declining: 60% of participants were active participants in 1990, but 
only 40% of participants are active today. Plans reported about 1.3 
million non-sponsored (``orphan'') participants (whose employers have 
withdrawn) in 2010, whose underfunded benefits become the 
responsibility of employers other than their own. A smaller pool of 
participating employers and active employees reduces the funding 
available to meet plan obligations.
Multiemployer Plans Now in Varied Financial Situations
            For Most Plans Challenges Seem Manageable, but Future 
                    Flexibility Can Help
    Our research suggests that the majority of multiemployer plans, 
though currently substantially underfunded, will be able to recover 
over time as the economy improves, financial markets stabilize, and 
small and large businesses ramp up hiring and hours worked. This 
assumes that these plans will generally maintain a base of contributing 
employers able to sustain their liabilities and benefit disbursements, 
and will avoid investment losses that significantly erode their asset 
base. A diverse industrial base, broad geographical coverage, and 
careful management help position plans for the future.
    Generally, plans are using the tools and authorities provided under 
PPA to reduce costs, limit liabilities, and increase contributions 
steadily over time. They are using their new flexibility under PPA to 
respond to market fluctuations and to reduce excessive stress on 
employers and participants.
    Trustees and others associated with these plans have begun 
suggesting additional flexibility to address pressing issues, such as 
the need to attract new employers, to transition to new benefit 
formulas that reduce costs and minimize risks, and to adjust their 
liabilities to ensure sustainability.
Severely Distressed Plans Will Need More Help
    While a majority of plans appear primed for gradual recovery, a 
minority of plans will not be able to recover using the tools and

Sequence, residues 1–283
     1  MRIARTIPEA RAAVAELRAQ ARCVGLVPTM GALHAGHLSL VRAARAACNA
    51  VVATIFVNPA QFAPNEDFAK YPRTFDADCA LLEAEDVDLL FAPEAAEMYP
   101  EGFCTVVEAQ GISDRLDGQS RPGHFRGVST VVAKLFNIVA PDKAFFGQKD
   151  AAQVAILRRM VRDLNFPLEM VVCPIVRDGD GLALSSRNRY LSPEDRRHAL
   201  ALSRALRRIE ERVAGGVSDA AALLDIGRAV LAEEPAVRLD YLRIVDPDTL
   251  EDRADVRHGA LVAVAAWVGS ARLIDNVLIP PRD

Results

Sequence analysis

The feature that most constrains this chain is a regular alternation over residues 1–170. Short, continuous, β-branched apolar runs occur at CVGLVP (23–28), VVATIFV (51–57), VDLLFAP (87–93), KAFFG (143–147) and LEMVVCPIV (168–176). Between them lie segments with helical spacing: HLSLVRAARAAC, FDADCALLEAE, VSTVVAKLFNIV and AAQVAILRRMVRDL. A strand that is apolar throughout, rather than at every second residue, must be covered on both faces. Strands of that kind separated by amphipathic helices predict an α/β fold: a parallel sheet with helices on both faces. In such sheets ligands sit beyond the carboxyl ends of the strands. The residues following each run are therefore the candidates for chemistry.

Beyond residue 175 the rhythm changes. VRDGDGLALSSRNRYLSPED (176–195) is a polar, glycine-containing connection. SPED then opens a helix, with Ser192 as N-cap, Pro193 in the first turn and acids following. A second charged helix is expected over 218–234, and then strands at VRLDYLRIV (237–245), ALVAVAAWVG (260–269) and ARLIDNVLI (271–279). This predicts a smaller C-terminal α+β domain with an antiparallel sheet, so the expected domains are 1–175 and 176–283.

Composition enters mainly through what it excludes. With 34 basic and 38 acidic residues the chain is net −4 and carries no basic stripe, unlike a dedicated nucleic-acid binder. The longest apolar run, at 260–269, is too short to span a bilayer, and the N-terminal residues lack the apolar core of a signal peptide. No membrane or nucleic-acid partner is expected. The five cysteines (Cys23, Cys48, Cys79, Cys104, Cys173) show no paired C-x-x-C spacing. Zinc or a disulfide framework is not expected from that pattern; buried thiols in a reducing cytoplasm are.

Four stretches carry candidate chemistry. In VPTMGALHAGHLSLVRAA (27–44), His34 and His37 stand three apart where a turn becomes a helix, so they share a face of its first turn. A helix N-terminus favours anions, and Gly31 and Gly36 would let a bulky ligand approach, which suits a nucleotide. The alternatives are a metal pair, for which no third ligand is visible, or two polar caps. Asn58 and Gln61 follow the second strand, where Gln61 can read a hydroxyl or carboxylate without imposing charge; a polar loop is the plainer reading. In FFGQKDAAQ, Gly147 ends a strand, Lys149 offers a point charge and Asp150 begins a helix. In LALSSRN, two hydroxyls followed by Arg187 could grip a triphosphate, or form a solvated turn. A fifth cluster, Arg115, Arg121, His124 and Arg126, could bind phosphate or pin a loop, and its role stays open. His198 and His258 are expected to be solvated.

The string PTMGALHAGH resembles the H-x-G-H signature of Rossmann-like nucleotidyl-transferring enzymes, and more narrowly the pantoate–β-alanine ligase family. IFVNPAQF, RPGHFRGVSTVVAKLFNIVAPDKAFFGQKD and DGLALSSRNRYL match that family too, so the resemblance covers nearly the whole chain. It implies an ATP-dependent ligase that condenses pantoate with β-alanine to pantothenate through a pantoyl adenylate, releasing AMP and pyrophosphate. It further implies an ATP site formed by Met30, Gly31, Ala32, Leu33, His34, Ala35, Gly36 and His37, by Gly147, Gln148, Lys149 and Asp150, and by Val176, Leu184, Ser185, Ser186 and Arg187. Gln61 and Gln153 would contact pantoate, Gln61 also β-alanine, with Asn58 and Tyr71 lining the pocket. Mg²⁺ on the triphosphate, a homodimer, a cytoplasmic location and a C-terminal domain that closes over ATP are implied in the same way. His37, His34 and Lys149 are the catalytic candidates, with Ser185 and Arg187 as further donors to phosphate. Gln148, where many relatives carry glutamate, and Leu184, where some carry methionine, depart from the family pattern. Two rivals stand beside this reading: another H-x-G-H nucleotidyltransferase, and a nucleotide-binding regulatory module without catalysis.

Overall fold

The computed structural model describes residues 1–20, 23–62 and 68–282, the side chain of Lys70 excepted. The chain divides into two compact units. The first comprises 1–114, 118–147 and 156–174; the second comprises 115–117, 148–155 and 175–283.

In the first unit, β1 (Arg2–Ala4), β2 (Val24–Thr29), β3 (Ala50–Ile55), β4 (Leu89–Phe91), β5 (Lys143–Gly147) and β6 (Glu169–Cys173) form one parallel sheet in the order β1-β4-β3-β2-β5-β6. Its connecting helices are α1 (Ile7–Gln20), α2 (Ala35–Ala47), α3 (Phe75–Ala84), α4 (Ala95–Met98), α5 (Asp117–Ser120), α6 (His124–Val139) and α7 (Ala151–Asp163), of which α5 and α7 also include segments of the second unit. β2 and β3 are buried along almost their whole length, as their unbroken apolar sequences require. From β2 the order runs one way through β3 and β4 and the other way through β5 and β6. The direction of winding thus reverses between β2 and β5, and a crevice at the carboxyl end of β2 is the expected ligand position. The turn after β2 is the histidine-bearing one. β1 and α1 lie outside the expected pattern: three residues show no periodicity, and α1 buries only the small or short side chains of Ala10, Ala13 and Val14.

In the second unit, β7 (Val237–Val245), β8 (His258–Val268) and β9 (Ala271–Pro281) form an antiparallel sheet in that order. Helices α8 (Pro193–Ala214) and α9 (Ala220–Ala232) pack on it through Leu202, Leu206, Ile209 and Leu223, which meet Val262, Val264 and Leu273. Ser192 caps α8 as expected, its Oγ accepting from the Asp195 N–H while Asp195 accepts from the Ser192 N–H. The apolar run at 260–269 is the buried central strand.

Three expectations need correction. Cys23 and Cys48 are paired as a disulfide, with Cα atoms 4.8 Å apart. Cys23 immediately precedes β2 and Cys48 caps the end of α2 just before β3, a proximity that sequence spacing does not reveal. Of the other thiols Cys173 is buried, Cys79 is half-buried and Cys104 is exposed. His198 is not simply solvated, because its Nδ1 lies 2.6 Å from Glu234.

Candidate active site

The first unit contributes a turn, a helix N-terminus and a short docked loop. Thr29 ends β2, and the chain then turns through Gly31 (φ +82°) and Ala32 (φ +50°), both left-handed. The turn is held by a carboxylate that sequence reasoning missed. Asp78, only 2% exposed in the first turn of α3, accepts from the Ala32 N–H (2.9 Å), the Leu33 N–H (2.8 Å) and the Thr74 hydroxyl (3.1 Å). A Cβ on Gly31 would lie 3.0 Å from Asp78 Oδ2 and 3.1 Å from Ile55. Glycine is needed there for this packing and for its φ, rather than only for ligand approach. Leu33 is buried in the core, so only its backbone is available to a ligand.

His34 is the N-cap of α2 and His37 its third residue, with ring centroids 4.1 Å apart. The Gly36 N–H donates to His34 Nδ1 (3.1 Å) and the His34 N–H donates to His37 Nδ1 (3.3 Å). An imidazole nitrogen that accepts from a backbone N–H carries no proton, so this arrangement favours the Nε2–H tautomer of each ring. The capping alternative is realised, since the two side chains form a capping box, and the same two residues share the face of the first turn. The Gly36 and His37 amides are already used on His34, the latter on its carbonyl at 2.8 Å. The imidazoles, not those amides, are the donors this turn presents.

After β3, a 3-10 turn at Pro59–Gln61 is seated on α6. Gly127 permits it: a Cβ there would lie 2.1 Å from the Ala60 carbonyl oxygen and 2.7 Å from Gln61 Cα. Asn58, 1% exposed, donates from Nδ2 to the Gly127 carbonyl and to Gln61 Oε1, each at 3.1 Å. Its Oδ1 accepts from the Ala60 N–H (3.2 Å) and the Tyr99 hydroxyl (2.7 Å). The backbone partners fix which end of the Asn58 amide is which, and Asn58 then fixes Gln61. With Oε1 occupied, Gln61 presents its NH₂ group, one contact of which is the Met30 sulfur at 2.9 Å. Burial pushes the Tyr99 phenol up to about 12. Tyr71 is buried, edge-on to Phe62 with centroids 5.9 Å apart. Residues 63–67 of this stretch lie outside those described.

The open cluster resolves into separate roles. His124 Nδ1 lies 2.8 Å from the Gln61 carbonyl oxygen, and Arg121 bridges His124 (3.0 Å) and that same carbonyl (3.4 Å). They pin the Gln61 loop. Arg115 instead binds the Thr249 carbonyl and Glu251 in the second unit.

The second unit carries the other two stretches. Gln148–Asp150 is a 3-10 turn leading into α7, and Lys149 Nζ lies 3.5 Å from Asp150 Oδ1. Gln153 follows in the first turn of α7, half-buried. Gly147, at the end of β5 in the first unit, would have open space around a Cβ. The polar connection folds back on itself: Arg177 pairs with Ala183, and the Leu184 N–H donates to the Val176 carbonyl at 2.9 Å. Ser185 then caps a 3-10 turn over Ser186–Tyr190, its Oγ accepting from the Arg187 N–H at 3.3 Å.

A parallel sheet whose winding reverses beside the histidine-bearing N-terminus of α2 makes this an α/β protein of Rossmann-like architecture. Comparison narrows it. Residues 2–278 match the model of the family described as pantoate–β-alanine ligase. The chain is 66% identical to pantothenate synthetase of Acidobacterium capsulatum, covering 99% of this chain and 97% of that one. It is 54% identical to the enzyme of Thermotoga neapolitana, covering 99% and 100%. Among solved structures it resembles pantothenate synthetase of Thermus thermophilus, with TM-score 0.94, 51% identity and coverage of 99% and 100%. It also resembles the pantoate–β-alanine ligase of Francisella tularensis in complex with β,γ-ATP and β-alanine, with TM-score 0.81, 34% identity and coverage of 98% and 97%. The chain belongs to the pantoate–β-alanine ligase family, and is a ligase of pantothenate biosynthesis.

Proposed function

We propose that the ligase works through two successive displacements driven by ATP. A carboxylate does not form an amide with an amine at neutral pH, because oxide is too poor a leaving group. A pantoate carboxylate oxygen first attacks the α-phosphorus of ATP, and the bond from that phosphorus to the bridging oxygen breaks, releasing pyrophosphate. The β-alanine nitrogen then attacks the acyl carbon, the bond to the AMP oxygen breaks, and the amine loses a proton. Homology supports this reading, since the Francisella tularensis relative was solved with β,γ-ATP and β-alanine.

authorities under PPA. Many critical status plans (and some seriously 
endangered status plans) are severely distressed and will need still 
further provisions to remain viable.
    At the beginning of the 2008 plan year, only 12% of all plans were 
in critical (red) or seriously endangered status (orange). That number 
spiked to 44% of all plans at the beginning of the 2009 plan year. In 
2010, nearly one-third of all plans, covering more than four million 
participants, continued to be in critical (red) or seriously endangered 
(orange) status. While the percentage of critical (red) and seriously 
endangered (orange) plans dropped slightly in 2011 to 26% (336 plans) 
of all plans, that percentage is likely understated due to the effect 
of PRA 2010 funding relief. A substratum of critical and seriously 
endangered status plans is beyond the point of recovery without 
significant changes in the rules that govern their operations.
    These plans' underlying fundamentals reveal why they are so 
distressed. They often operate in declining industries--such as 
furniture manufacturing, textiles, or typesetting, or in intensely 
competitive markets, from which large numbers of employers have gone 
out of business. Their participant populations are mature, with a large 
proportion of retirees and significant unfunded retiree liabilities. As 
a result, contributions coming into these plans on behalf of current 
workers are small compared to the outflow of benefit payments.